William M. Lucko HBSc thesis abstract

Thesis Title: 
The Pegmatites of the Quetico Gneiss Belt, Northwestern Ontario and their Uranium Potential
William M.

Reconnaissance studies along a roughly north-south traverse across the Quetico gneiss belt, utilizing roadcuts in Ontario Highway 527, have been made in order to characterize uranium-bearing pegmatites I and adjacent to the Gneiss Belt.  Analyses of samples by the Geological Survey of Canada revealed uranium contents ranging from less than 10 ppm U to 36.3 ppm in the pegmatites.

The pegmatites are of three distinct types: a granitic pegmatite showing intrusive relationships to all other rocks in the area, a migmatitic pegmatite intimately related to the gneisses of the Quetico Belt, and, a pink syenitic pegmatite emplaced in the high grade gneiss.  The granitic pegmatites are located near the north and south margins of the Gneiss Belt and extend into the adjacent Wabigoon and Shebandowan Wawa Greenstone Belts.  The pegmatites occur as dykes or lensoidal bodies of plagioclase-perthite-quartz with varying amounts of biotite and muscovite.  Accessory minerals include zircon, garnet, tourmaline, and rare hematite.  Apatite occurs in the most uranium-rich sample.

The syenitic pegmatite occurs as a dyke in the middle of the Quetico belt and is bordered by the migmatitic pegmatites.  Feldspars constitute 75% of the rock, and quartz 20%, with biotite and zircons as the accessories.  Uranium in the syenitic pegmatites is the lowest at 2.3 ppm.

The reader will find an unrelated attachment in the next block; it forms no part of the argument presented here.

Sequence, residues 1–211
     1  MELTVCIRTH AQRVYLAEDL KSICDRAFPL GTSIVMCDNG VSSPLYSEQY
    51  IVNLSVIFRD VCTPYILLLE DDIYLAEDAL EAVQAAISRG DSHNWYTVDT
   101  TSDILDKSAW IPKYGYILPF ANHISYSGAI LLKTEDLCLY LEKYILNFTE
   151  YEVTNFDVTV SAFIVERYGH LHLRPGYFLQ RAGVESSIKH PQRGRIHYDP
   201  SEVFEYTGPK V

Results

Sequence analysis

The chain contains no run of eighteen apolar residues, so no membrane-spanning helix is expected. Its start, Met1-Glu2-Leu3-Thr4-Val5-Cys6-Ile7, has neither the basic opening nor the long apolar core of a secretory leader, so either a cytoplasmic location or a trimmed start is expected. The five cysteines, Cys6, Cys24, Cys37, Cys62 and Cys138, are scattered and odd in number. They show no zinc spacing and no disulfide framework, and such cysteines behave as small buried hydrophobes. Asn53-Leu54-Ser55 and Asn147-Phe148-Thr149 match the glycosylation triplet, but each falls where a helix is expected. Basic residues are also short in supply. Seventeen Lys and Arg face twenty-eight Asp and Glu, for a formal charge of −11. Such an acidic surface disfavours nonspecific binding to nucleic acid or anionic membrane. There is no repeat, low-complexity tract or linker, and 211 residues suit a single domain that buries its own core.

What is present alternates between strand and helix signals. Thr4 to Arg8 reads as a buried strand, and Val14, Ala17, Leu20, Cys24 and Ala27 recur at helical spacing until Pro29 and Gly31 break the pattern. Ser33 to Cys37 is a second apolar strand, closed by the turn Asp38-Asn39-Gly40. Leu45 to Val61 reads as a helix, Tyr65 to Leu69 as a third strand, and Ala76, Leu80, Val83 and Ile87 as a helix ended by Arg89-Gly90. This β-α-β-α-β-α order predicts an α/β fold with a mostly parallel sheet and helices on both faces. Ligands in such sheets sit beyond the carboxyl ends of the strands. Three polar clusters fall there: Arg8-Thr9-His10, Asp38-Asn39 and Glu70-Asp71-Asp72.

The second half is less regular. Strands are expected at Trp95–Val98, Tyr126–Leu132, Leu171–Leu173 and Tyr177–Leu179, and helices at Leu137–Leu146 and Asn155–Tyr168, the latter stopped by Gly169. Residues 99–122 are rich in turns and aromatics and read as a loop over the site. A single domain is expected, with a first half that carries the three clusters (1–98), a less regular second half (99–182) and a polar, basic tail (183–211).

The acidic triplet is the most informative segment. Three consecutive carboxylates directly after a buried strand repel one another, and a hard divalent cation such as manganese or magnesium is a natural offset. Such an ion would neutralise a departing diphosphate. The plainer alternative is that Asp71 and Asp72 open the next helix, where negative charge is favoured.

The migmatitic pegmatites occur as lenses and migmatite bands most strongly in the centre of the Quetico Belt.  The pegmatites are feldspar-rick (ca. 75%) consisting of oligoclase with microcline exsolutions, quartz, muscovite, and minor corroded biotite.  Accessories include zircon, cordierite, sillimanite, garnet, and chorite.  The latter suggest that these pegmatites have been metamorphosed.  Boudinage and ptygmatic folding of small dykes is also observed.

Uranium in the migmatitic pegmatites was fairly uniformly distributed in the range of 2-7 ppm, but ranges to highs of 36.3 ppm in the granitic pegmatites.  No uranium mineralization was identified, but zircon is the probable host in most rocks.  The high value was found in an apatite-bearing rock, and this mineral is a likely host for uranium, as well.  The pegmatites do not seem likely prospects for economic deposits of uranium, owing to a lack of identifiably mineralization and low concentrations.  They may, however, be the ultimate source of disseminated uranium in the Sibley Group sandstones and unconformity-vein type uranium deposits in the Greenwich Lake area.